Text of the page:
The marginal fishers do not have the means to keep at par with the efficiency of the fishing gears of large fishing boats. The enforcement agencies’ inability to regulate this illegal practice for lack of personnel and funds to patrol the vast expanse of a municipality’s jurisdiction worsen the small fishers’ ability to meet their daily food and economic needs.
Fishers Inability to Secure the Appropriate Fishing Gear
Coastal villagers are highly dependent on the productivity of the coral reefs just next to their beachside cottages. Many of them could not afford even the luxury of engine-powered pump boats but would rely on the force of the wind to set their sailboats to the farther reaches of the sea.
Whenever the large, commercial fishing fleets come, the fishers were at the mercy of these big boats’ highly efficient nets. They were witnesses to the rape of their livelihood, with some large vessels giving them bycatch of less valuable fish species, adding more insult to injury.
In response, some marginal fishers thought of responding to the inequitable distribution of natural wealth by using dynamites to keep up with the competition. Dynamites would cost them a lot less than the big fish nets requiring a significant amount of money to buy. They could easily scoop their catch (rather victims) where most are left uncollected to rot or get scavenged by other fishes.
The following video shows the use of dynamites in fishing in Tanzania. Marginal fishers resort to this unsustainable fishing method partly because of their inability to buy the necessary fishing gear. However, educating the community on the harmful effects of dynamite to the coral reefs that serve as habitat to marine life can help wean them away from this practice that also harms their livelihood.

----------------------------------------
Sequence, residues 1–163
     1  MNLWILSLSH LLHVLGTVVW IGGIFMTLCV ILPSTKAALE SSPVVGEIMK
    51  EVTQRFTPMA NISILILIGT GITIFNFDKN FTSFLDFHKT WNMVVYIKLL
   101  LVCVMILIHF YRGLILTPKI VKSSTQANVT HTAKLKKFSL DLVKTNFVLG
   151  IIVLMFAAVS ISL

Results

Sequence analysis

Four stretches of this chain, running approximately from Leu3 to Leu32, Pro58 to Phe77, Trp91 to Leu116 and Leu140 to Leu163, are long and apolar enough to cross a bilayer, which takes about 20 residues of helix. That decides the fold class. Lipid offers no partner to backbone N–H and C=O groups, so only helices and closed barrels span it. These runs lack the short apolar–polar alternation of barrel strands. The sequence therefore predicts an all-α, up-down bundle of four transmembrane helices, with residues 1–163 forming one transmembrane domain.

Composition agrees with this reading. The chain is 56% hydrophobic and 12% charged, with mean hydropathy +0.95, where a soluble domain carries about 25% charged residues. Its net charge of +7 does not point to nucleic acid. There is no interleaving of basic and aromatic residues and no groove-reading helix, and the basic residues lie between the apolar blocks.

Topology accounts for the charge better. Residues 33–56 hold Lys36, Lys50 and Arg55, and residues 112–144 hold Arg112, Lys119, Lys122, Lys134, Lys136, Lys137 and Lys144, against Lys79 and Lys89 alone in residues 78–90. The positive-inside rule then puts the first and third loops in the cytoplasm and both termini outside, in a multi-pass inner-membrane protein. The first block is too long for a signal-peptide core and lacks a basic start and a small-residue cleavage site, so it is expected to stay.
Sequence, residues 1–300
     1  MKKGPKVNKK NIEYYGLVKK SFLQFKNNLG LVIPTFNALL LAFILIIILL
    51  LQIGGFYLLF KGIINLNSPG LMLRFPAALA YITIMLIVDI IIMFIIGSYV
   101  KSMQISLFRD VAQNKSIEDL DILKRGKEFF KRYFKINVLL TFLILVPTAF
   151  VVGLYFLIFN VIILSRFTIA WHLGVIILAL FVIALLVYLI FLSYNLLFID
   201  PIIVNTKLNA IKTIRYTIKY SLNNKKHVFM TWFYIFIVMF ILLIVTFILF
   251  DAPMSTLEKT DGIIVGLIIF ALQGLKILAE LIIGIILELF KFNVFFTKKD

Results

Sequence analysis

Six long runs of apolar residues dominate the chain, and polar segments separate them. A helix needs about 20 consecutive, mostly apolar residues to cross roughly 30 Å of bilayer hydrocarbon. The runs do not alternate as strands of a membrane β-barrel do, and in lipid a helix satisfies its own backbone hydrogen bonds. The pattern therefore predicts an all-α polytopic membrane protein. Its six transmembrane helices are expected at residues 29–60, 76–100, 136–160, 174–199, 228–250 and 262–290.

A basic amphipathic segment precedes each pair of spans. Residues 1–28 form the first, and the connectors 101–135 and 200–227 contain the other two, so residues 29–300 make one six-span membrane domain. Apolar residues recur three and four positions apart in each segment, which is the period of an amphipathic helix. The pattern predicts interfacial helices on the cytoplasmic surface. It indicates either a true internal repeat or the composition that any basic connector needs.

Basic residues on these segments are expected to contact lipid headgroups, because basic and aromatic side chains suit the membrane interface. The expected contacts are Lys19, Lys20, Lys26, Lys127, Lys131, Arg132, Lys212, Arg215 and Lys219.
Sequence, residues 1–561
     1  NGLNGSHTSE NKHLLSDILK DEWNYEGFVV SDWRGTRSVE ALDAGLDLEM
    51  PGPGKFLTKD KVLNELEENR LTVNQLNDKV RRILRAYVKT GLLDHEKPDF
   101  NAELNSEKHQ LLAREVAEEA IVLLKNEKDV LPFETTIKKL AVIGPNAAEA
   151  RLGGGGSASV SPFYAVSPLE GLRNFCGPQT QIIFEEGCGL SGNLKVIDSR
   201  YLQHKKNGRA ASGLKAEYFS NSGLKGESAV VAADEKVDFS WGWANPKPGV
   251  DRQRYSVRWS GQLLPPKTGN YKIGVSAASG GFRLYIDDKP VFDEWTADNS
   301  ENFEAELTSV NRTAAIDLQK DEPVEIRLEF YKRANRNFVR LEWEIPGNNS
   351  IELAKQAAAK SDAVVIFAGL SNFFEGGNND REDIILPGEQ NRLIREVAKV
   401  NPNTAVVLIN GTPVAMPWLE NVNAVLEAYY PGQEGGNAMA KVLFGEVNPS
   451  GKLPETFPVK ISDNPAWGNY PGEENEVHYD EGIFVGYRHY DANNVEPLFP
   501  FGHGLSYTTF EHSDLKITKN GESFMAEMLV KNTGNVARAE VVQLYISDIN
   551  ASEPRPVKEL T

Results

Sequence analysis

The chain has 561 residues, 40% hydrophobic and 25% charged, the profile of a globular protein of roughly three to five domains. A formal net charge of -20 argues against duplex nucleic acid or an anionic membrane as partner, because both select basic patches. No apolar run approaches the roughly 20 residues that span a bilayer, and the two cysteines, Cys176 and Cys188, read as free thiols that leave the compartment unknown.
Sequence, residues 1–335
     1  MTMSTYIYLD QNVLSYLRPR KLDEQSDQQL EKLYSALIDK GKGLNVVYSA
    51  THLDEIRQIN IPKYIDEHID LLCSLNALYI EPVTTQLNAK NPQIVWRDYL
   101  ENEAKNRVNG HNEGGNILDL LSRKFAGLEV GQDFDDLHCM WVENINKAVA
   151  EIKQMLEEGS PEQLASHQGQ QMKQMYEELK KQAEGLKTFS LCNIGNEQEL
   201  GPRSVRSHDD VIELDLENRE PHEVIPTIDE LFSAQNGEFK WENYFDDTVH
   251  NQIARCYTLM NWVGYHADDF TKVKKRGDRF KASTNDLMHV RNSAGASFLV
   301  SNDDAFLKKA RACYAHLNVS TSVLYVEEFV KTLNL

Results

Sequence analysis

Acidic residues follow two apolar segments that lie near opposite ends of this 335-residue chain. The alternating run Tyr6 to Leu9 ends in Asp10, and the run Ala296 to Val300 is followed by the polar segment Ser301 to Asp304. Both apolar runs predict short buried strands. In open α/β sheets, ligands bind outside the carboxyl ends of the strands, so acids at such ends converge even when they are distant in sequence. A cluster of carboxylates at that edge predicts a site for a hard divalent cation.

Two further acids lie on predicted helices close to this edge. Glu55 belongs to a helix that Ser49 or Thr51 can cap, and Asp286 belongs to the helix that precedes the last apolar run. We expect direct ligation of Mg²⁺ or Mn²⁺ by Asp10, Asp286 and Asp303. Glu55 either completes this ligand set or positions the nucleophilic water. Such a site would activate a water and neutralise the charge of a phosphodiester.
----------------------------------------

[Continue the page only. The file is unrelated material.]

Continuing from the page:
Dynamite Fishing Effects to Fishers
However, some of these dynamite fishers themselves are victims of their folly. Many of them die whenever they miscalculate their act; some carry the scars all their life. In some cases, they inflict scars but blasted fingers or the whole arm, which reminds them of their destructive pursuits. Some die in the process when they do their activities carelessly.
My brother witnessed a fisher who demonstrated the destructive fishing method. His folly blasted the left side of his body when he unwittingly mistook the igniter as the dynamite. Thus, the dynamite exploded in his hand, including the left side of his body. Woe is he, as even with the appeal to bring him to the hospital, he is nowhere a candidate for surgical repair. He has to be buried on a lone island without the proper ceremony to rest his soul.
Since many of the governments in these places banned dynamite fishing due to its highly destructive nature, many fishers took other jobs. The fisher in Figure 1 is now a tourist guide, narrating his experience in dynamite fishing and showing the evidence of his once dangerous occupation.
Life is precious. Dynamite fishing is not something that marginal fishers can use to justify their actions in the desire to level the field of fishing. Stricter fishery law enforcement is the way to go with their vigilant support.
© P. A. Regoniel 24 May 2021